Document Type


Degree Name

Master of Environmental Studies (MES)


Geography & Environmental Studies


Faculty of Arts

First Advisor

D. Scott Slocombe

Advisor Role

Thesis Supervisor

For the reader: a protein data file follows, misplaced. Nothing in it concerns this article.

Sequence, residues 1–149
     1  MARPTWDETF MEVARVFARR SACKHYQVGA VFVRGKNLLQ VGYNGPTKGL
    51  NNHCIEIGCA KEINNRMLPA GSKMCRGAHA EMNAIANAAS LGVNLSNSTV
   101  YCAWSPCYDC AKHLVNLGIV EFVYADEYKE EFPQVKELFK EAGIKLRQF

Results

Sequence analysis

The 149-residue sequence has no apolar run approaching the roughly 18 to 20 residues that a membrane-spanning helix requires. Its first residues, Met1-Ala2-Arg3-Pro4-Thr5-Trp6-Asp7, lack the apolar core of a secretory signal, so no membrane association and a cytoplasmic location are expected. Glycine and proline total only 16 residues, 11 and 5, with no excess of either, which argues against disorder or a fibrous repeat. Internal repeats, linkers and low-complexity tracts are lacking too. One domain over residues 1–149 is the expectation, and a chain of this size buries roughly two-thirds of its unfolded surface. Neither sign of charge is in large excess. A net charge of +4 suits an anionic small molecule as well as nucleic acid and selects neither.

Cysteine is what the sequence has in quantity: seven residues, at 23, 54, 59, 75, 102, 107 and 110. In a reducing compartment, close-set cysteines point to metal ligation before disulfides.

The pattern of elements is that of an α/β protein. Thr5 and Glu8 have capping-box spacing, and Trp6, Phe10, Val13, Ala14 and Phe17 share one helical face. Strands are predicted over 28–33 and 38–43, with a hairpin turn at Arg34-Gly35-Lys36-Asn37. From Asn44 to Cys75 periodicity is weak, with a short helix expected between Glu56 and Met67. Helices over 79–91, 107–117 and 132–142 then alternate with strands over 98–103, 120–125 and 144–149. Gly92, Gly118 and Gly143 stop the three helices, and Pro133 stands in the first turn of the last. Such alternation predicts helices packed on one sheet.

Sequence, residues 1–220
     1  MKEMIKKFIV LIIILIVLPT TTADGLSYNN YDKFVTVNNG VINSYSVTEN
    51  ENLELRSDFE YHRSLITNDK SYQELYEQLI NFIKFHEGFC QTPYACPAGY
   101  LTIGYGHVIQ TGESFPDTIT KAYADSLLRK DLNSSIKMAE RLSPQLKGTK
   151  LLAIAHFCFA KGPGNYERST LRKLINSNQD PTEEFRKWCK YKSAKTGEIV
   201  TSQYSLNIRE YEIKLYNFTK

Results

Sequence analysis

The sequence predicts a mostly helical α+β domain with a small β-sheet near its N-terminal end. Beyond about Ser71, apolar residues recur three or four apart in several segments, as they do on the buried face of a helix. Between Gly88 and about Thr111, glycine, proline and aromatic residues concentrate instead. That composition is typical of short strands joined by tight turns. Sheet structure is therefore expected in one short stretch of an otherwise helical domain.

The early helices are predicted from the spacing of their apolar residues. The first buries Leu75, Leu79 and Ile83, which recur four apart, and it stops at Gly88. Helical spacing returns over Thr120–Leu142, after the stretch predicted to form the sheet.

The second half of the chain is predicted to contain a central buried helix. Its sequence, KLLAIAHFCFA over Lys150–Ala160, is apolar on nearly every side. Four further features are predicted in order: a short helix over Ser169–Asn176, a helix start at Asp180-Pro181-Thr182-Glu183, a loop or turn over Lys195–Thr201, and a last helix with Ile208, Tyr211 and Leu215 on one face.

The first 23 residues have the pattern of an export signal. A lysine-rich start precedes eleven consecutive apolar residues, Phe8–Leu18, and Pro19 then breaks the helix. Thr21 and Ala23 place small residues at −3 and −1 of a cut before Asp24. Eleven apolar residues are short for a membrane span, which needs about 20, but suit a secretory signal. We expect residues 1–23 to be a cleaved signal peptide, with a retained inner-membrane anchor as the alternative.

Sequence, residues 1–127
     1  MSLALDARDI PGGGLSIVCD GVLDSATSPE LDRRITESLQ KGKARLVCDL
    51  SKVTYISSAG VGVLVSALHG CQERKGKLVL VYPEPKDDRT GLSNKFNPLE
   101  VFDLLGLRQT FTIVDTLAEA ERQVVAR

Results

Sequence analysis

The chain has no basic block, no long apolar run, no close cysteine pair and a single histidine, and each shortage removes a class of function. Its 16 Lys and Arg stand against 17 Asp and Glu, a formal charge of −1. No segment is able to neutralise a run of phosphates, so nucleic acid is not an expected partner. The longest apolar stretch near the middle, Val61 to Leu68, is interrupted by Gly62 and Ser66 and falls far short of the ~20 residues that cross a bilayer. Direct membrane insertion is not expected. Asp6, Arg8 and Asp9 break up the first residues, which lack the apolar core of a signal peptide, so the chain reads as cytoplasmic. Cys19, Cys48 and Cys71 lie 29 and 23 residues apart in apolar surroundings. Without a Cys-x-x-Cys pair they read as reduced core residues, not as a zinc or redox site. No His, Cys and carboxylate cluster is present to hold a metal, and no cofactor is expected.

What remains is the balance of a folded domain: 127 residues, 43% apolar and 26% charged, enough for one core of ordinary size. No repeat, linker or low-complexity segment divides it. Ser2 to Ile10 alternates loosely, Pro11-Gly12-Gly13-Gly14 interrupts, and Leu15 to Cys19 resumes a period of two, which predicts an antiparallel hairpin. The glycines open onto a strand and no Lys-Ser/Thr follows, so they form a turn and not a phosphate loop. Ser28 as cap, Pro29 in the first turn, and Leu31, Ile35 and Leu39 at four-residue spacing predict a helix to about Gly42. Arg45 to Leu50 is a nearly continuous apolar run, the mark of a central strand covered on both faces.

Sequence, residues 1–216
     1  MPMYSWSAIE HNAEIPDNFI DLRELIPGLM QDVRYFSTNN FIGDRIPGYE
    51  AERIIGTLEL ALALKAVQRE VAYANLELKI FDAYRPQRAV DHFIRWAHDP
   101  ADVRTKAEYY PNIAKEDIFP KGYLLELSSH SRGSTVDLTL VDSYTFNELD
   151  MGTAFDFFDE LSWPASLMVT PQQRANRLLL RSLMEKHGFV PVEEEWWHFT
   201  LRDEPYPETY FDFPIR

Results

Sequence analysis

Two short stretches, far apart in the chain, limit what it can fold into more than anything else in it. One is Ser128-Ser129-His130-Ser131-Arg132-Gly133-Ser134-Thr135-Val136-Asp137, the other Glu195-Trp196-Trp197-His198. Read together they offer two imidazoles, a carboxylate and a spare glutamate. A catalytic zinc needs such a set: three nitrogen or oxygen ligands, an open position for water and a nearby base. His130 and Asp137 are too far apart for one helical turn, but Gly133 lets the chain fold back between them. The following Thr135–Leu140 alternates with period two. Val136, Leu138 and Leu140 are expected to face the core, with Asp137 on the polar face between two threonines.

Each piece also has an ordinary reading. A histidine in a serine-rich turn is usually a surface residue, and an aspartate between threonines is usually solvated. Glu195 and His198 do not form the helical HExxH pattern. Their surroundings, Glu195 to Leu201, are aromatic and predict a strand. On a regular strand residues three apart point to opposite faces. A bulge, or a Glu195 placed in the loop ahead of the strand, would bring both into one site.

Ecosystem management is an integrative, cooperative, adaptive approach to resource management that has evolved in response to the growing number of environmental and resource problems over the past several decades. One such problem, the threat to the world’s biodiversity, may be attributed to the destruction, degradation, and fragmentation of habitat resulting from the expanding human population, and the inability to set aside in strict nature reserves, sufficient habitat for wide-ranging mammals and fully functioning ecosystems. The Greater Park Ecosystem concept may be seen as the embodiment of ecosystem management in national parks and a response to the threat to biodiversity. A major challenge to effective implementation of such an idea is defining the boundaries of the management unit or ecosystem. Delineation of these boundaries may be guided by principles of protected area design, as well as by previous efforts to delineate ecosystem boundaries. However, any approach used to delineate the boundaries of a Greater Park Ecosystem should be consistent with the objectives and principles of ecosystem management, both its ecological (substantive) and sociopolitical (process) aspects. In this study an evaluation of previous efforts to delineate ecosystem boundaries was carried out. It concluded, based on criteria drawn from the literature on ecosystem management, national parks management, and protected area design, that no single approach adequately addressed the problem of protecting native biological diversity in national parks, in the face of increasing pressures from beyond the park boundaries. The approach suggested in this study addresses substantive ecological concerns as well as the process of boundary delineation itself. It considers abiotic, biotic, and cultural features and processes of the park region, particularly those that traverse official park boundaries. The location of significant and/or representative features and processes guides the preliminary placement of the Greater Park Ecosystem boundary, which will likely change with input from the various stakeholders. The suggested approach addresses the process of boundary delineation by encouraging participation of all stakeholders in the region, fostering a cooperative approach among competing resource users, and ensuring that institutional structures are appropriate. An overriding consideration is that the final boundaries encompass an area that is sufficiently large to support a minimum viable population of the most space-demanding species in the region. The substantive aspects of this suggested approach were illustrated in this study with reference to Gros Morne National Park in western Newfoundland. The resulting Greater Gros Morne Ecosystem boundaries were compared to several other alternatives which were based on the boundaries of the region’s ecoregions, physiographic regions, and the Western Newfoundland Model Forest. The suggested boundaries were shown to be superior to the other alternatives in terms of significant habitat characteristics, human land use, watershed integrity as well as several other measures. A preliminary assessment of the process components of the suggested approach, again with respect to Gros Morne National Park, revealed that the agencies responsible for resource management in Newfoundland appear to be moving toward an ecosystem management philosophy. The need for greater integration, cooperation, and adaptability has been widely acknowledged. From the general public, there appears to be more appreciation of the consequences of poor resource management, due primarily to the collapse of the Northern cod fishery, greater acceptance of new ideas, and a demand for more input from local groups and individuals. Despite this, the lack of alternative employment opportunities outside the extractive resource sector, and the long history of unrestricted local resource use remain barriers to widespread acceptance of the Greater Gros Morne Ecosystem concept.

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